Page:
Social Navigation systems have demonstrated that the collective
wisdom of a community of users can be distilled to produce adaptive
behavior. Social navigation systems mainly use visual changes
to the environment to shift emphases and organisation of navigational
cues, or add navigation cues to help users locate information.
Between 1994 and 2000 pioneer research on Social Navigation and other
community-based systems such as collaborative filtering systems
brought a range of interesting results. Over the last three years
socially-based systems has grown from a small research area into a
large movement sometimes nicknamed Web 2.0.
The mushrooming growth of social software (including "folksonomy"
systems employing social tagging) has brought social navigation
techniques out of the backwaters of research environments and created
a lot of interest in community-based technologies. The abundance of a
wide assortment of social software, including annotation systems,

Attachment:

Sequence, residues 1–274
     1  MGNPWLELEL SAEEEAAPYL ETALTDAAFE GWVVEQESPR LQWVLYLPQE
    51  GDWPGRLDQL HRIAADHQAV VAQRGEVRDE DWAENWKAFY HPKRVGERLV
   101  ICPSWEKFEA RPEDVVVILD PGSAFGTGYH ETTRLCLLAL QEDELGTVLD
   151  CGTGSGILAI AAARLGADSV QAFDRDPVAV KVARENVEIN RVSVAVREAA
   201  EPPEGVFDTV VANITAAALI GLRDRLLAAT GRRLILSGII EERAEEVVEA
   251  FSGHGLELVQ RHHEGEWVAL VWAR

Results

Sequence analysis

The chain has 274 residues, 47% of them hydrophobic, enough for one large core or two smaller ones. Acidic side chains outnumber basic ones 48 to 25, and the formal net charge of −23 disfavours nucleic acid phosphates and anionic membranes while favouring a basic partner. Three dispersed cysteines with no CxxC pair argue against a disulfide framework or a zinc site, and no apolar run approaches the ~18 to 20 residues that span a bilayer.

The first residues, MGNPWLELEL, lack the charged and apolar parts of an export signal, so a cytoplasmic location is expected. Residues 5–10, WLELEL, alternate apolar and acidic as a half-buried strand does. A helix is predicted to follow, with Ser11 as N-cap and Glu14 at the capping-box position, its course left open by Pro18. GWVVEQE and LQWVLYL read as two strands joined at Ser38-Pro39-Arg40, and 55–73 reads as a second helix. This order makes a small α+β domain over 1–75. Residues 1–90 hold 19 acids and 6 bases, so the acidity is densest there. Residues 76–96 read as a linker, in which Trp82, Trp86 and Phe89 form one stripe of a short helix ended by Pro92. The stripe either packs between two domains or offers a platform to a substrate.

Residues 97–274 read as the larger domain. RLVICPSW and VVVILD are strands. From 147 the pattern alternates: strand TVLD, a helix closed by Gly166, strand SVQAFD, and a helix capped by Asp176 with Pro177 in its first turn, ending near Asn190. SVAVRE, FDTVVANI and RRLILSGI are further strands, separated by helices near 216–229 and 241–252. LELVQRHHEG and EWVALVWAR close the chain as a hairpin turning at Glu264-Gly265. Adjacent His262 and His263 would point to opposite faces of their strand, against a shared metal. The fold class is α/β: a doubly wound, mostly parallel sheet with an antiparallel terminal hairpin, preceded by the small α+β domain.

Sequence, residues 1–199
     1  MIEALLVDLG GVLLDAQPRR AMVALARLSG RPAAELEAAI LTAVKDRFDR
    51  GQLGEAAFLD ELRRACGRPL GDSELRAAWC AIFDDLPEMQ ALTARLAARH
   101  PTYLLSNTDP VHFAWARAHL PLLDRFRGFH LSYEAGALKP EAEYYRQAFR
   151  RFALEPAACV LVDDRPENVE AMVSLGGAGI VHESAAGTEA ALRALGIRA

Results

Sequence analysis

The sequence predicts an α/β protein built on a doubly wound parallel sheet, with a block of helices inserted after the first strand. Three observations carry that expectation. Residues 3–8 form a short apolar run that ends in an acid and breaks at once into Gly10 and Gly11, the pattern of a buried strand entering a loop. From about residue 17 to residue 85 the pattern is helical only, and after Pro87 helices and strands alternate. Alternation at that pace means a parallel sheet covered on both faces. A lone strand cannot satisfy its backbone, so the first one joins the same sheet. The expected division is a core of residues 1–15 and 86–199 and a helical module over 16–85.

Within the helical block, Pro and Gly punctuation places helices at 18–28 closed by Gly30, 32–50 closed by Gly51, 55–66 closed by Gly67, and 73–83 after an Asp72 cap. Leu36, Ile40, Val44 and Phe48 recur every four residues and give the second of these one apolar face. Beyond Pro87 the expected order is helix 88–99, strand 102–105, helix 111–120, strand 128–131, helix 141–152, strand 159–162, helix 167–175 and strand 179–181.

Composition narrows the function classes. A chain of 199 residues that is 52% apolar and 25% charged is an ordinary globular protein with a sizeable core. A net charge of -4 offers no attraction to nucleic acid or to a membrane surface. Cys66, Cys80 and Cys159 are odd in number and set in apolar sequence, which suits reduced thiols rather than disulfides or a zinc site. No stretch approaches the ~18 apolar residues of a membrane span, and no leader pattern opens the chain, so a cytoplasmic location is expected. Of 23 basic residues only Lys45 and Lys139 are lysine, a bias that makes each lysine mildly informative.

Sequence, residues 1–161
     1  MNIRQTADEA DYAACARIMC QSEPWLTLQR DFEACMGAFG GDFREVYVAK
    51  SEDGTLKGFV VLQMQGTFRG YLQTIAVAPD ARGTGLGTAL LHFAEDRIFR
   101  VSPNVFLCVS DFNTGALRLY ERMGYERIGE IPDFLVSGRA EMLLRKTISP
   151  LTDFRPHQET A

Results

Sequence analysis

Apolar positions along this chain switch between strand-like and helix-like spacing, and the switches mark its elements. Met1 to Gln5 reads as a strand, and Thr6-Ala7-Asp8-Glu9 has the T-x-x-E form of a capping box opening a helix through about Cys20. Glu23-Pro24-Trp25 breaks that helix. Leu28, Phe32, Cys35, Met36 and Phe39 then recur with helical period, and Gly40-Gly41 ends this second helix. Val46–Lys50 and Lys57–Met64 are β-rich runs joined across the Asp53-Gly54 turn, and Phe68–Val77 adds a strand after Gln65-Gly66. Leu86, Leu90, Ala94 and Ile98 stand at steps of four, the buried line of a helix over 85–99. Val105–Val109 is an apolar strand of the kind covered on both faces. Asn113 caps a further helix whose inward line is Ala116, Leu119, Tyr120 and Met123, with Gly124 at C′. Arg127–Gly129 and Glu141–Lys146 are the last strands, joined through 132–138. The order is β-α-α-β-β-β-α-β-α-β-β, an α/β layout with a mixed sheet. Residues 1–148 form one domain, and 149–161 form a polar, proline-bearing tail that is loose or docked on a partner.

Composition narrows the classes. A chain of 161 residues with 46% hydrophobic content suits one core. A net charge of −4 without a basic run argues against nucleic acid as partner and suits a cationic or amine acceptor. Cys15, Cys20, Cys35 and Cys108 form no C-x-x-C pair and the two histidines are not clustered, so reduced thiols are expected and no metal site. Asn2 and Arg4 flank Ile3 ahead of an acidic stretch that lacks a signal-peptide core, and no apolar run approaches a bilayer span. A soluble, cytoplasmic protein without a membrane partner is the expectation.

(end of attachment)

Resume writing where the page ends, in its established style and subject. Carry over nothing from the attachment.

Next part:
wikis, clusters of blogs, social network visualisations, social
recommender systems, and new ways of visualising conversations,
creates a unique opportunity to broaden research on community-based
adaptation and brings its results into practice. The underlying
principle that binds these systems together is that they both affect
and are affected by aspects of collective group behaviour. While most
of modern community-based systems are not adaptive, a range of old
and new community-based adaptation techniques could be applied in the
new context and bring interesting results.
The workshop brings together researchers and developers from a range of
disciplines and approaches to share knowledge and seek synergies and
syntheses that will move the field forward. The focus is on in
exploring the potential for interoperability techniques and
standards, allowing richer blends and mashups of sociable media,
social software and systems using social navigation.